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3 Pros, 3 Cons for Buying Kroger Co (KR) Stock

Kroger Co (NYSE:KR) stock is one of the worst-performing stocks of 2017, down 39.79% year-to-date. Most of this decline occurred since June. KR stock fell 19% on June 15 after warning of lower profits this year. The very next day, more bad news struck retail stocks. Amazon.com, Inc. (NASDAQ:AMZN) announced its decision to purchase Whole Foods Market, Inc. (NASDAQ:WFM) for $13.7 billion.

This announcement impacted major retailers, including Costco Wholesale Corporation (NASDAQ:COST) and Target Corporation (NYSE:TGT) stock.

Emotions such as fear and greed drive markets, but investors sometimes overreact. As experience will show you, not all your hopes and fears end up being realized.

Could the market be overreacting to news of Amazon’s acquisition? Could Kroger stock rebound in the coming weeks as fears subside?

Maybe. Although Amazon is a formidable competitor, the company hasn’t succeeded in everything.

Some see these worries as overdone. SunTrust analysts note that there isn’t much overlap; only 10% of Kroger’s stores can be found within 3 miles of a Whole Foods market.

Let’s look at the strengths and weaknesses of KR stock.

KR Stock Pros

Valuation: With the S&P 500 trading at a whopping 25 times earnings, it’s getting really difficult to find cheap stocks. Kroger stock currently trades at 12.28 times earnings.

While such a stock wouldn’t have been seen as “cheap” in the past, it is now. Kroger’s price/earnings multiple is the 37th lowest in the S&P 500.

KR stock currently boasts the fourth-lowest price to sales ratio in the index, and two of the stocks trading at lower multiples currently operate at a loss.

Size: Bigger firms benefit from economies of scale, including greater bargaining power with suppliers. Kroger’s sales over the past 12 months exceed $118 billion. This makes Kroger the world’s third-largest retailer by revenue; only Wal-Mart Stores Inc (NYSE:WMT) and Costco sell more than KR.

Kroger ranks #40 on the Fortune Global 500. The company operates supermarkets under a variety of brands, including Kroger, Harris Teeter, Ralphs, Smith’s, and City Market. Kroger also operates gas stations and is the third-largest jeweler in the United States.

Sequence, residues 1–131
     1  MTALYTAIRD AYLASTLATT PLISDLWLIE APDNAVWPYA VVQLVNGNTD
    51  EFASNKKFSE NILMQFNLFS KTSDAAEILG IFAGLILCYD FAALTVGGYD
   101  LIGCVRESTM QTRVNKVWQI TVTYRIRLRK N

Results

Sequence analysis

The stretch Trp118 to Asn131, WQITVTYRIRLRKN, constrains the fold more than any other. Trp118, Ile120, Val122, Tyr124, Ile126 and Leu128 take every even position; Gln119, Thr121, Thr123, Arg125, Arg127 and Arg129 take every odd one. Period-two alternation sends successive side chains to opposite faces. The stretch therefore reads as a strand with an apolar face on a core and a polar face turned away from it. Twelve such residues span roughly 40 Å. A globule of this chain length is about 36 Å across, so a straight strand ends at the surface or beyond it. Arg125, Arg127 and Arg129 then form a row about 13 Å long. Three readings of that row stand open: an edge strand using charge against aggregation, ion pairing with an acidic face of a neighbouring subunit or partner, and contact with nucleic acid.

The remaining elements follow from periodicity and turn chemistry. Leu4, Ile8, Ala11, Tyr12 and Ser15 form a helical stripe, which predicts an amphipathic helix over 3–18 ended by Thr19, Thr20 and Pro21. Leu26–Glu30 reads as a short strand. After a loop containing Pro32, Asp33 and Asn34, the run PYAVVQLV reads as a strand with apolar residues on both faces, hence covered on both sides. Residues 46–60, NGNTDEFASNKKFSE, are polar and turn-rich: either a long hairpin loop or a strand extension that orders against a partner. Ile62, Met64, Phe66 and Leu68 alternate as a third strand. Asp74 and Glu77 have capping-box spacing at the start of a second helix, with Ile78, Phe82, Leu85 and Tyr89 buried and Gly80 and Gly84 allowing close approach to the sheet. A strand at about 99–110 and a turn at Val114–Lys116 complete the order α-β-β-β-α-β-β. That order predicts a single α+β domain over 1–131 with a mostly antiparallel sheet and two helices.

Dividend Growth Stock: Kroger’s past dividend growth is impressive. In 2012, KR stock paid 25 cents per share in dividends. Over the following years, Kroger nearly doubled this, paying out 45 cents per share last year, an impressive 80% growth in just four years.  

Currently, KR stock yields 2.46%, putting it in the upper half of the S&P 500 in terms of dividends. With a relatively low payout ratio (28.7%), Kroger could continue growing its dividend for years to come.

KR Stock Cons

Amazon: “Past experience shows us that having Amazon enter your industry is generally not a good thing,” I wrote in an article on Bank of America Corp (NYSE:BAC) stock in July. Amazon’s efficiency, scale and expertise with data make it a tough competitor, and Amazon does not fear low margins.  

With its purchase of Whole Foods, Amazon seems intent on getting into the grocery business. And in August, Amazon cut prices at Whole Foods stores.

“Amazon will materially gut the three things that grocery stores thought would keep them competitive: their private label brands, their shelves of organic foods and their loyalty programs,” warned Karen Webster in an article published shortly thereafter.

Aldi and Lidl Expansion: If this weren’t bad enough, Kroger will also have to deal with more competition from German discount retailers such as Aldi and Lidl. Aldi, which currently operates 1,600 stores in the United States, plans to add 400 more by the end of 2018 and will spend $1.6 billion to remodel 1,300 of its existing stores. By the end of 2022, Aldi hopes to have 2,500 stores in the US.

Lidl plans to open 100 stores in the United States by 2018, and this could grow to 600 in the next five years.

Debt: Kroger holds $819 million in cash but owes $14 billion in debt. KR stock’s market capitalization is $18.11 billion; its enterprise value, at $31.44 billion, is a bit higher.

In my article on Rite Aid Corporation (NYSE: RAD), I stated that analysts should look at enterprise value rather than market capitalization. Enterprise value gives us a clearer picture since this takes debt into account.

And when we look at Kroger’s valuation using enterprise value instead of market capitalization, the stock no longer seems so cheap. Kroger’s price to free cash flow multiple of 13.47 is low; its enterprise value to free cash flow multiple, at 22.62, not so much.

The Verdict on KR Stock

It looks like supermarkets are in for a tough time. Increased competition is putting pressure on food prices. At the same time, a tight labor market means rising labor costs for Kroger. Kroger employs 443,000 workers, making it one of the largest employers in the United States.

Is KR stock undervalued, or is the market correctly pricing in all these difficulties? Time will tell.

However, people do need to eat, and food prices could always go up tomorrow. I think there is a good case for investing in food and agriculture.

I would rather invest in a commodity such as food than in a commodity such as oil or gas. People will most likely still need to eat in 2067; I can’t see this changing. But if Elon Musk ends up succeeding, 50 years from now, people won’t need to use oil and gas for fuel.

In a previous article, I highlighted Fresh Del Monte Produce Inc (NYSE:FDP) stock as a way to prepare your portfolio for rising food and commodity prices.

As of writing, Lucas Hahn did not hold a position in any of the aforementioned securities. 


Article printed from InvestorPlace Media, https://investorplace.com/2017/10/kroger-co-kr-stock-3-pros-3-cons/.

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